Archive for March, 2008

My new blog on WordPress

Posted: March 30, 2008 in Uncategorized

I first started blogging in November 2005, courtesy Anamika. At that time, blogging was just a way to keep in touch with friends. I chose Yahoo 360! as my platform as that’s the one that all my friends used.

Over the next two-and-a-half years, my relationship with my blog changed. It became the space where I crystallised my ideas, and debated new ones. I became a regular follower of other great blogs, from where I learned a lot. I also saw that my blog could be a great platform for my professional work as well.

But in all this discovery, Yahoo 360! remained my principal blogging platform. This was mainly because most of my friends blogged here. Besides that, there was also my resistance to chance. Meanwhile, more sophisticated blogging platforms continued to evolve in the outside world. I was aware of them, but I still stuck with Yahoo 360!

Now finally, change has been forced upon me. Yahoo 360! will be moving to a new platform, and I will be shifting to WordPress. In the course of the next couple of weeks, I will be moving some of my more treasured posts to from Yahoo 360! to my new blog here.

I’ve already begun to enjoy WordPress and the more mature blogging features here. But, I’d also like to say here’s to An Aside (my blog on Yahoo 360!)… That’s where the journey began.

Now here, on 101dreams, the journey continues.

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Juno

Posted: March 14, 2008 in Cinema
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I am a writer. So, predictably the thing that I appreciate most about a film is its screenplay. I could like a movie just because of its screenplay. And so it was with Juno.

It’s true that it is a very average story, with very standard direction (I can’t understand why it ended up with so many awards for best direction or acting at so many international film awards). And yet, I can appreciate why it won an Oscar and a BAFTA for Best Screenplay in 2008.

I’ve just come visted IMDb, where I find a large number of reviews ripping the movie apart. But in its defense it must be said that Juno has a twisted funniness about the dialogues that really worked for me.

Finally, so called ‘great cinema’ is a subjective experience 🙂

On that note, I would recommend Juno as a thought provoking bit of screenplay for anyone who is passionate about world cinema.

Lido lives on

Posted: March 14, 2008 in Bangalore
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Once upon a time, there was a theatre called Lido in Bangalore. In the Cantonment area, it was the only theatre with a lawn. The Majestic area also has Movieland.

Here, at least two generations of Bangaloreans sat discussing films – sometimes under the trees, sometimes under the stars.

Then, one day Lido was no more. The area was cordoned off and a part of the collective youth of two generations was brought down. Then behind huge metal sheets, a team of builders worked on raising a relic to a new age.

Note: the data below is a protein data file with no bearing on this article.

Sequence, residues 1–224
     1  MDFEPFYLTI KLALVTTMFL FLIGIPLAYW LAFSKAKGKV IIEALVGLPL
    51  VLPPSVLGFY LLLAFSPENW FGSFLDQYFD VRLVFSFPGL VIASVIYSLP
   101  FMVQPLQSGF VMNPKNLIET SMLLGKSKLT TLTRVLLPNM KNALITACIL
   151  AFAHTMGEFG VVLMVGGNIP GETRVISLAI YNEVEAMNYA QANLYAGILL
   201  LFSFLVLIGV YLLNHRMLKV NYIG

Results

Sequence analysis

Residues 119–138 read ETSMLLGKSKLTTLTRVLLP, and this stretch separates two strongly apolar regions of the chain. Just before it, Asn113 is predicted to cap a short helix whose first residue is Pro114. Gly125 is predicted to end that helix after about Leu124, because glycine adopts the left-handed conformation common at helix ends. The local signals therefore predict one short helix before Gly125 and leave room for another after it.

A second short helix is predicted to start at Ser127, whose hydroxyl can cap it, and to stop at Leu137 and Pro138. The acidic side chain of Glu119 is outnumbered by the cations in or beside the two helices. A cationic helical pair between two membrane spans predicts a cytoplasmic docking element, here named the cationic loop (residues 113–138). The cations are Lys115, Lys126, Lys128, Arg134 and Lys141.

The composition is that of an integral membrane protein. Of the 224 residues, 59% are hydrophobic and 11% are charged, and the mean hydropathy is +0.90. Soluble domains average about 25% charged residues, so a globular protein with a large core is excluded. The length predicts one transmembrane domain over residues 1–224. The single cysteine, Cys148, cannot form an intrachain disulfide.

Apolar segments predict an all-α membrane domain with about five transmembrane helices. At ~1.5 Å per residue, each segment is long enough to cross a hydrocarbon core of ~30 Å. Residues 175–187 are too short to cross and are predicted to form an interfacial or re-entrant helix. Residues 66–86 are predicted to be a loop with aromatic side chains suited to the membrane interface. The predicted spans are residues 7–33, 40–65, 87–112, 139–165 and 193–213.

I visited their creation today, and I found that my heart quivered as it does when I stand under the arches of an ancient building. Even under the new glitzy glass facade, I found that the spirit of Lido lived on.

Conversations of days gone by still lingered in the air as if it had never stopped. It was almost as if Lido had just gone in for a renovation and then been returned to us, with coffee shops and restaurants in tow. Not to mention the choice of at least four films, where there earlier was only one.

The atmosphere that surrounds Lido probably contributes to that feeling too. Lido is probably the only mall with both trees and a sense of space. It is also an ‘activity’ mall, not a ‘shopping’ mall. So, most people who come here are here with an agenda that goes beyond gawking.

I realized for the first time that it is is not the destruction of heritage buildings in New Bangalore that worries me. It is the loss of the quality of life of yester years that disturbs me most.

I would be happy if more buildings took the path that Lido has taken, albeit unconsciously. This being the preservation of the spirit of our buildings, even if the structure is compromised.

Update on July 2008: There is an update on this. Subsequent to this post, I visited Lido a couple of months back. It’s still a nice place to watch a movie. But, it’s as crowded as the rest of them 😦

Boney M Revisited

Posted: March 8, 2008 in Music
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Like many of my generation, I grew up with Boney M. They belonged to the music of my aunt’s youth that was also bequeathed to me. The group never moved me in the way that Bob Dylan or Joan Baez did. Yet, I was drawn to their spirit and could always hum their tunes.

So last evening was special, as we attended a live performance by Marcia Barret of the original Boney M foursome. I was amazed at the energy and vitality of a voice that turns 60 this year. I guess that’s why they say “once a star, always a star”.

For the first time I also saw their music as resistance songs, closely connected to the Jamaican movement. Till, then I’d just seen it as being pop or disco, and not concentrated too much on the lyrics. I also saw the influence of Jamaican rhythm that was such an integral part of their work.

The crowd was a mix of the young and the old. But, the highlight was watching rows of people over sixty, mouthing each word, swaying to the beat, clapping their hands in the air. These were after all the songs of their youth. The songs over which they discovered love and perhaps even lost love.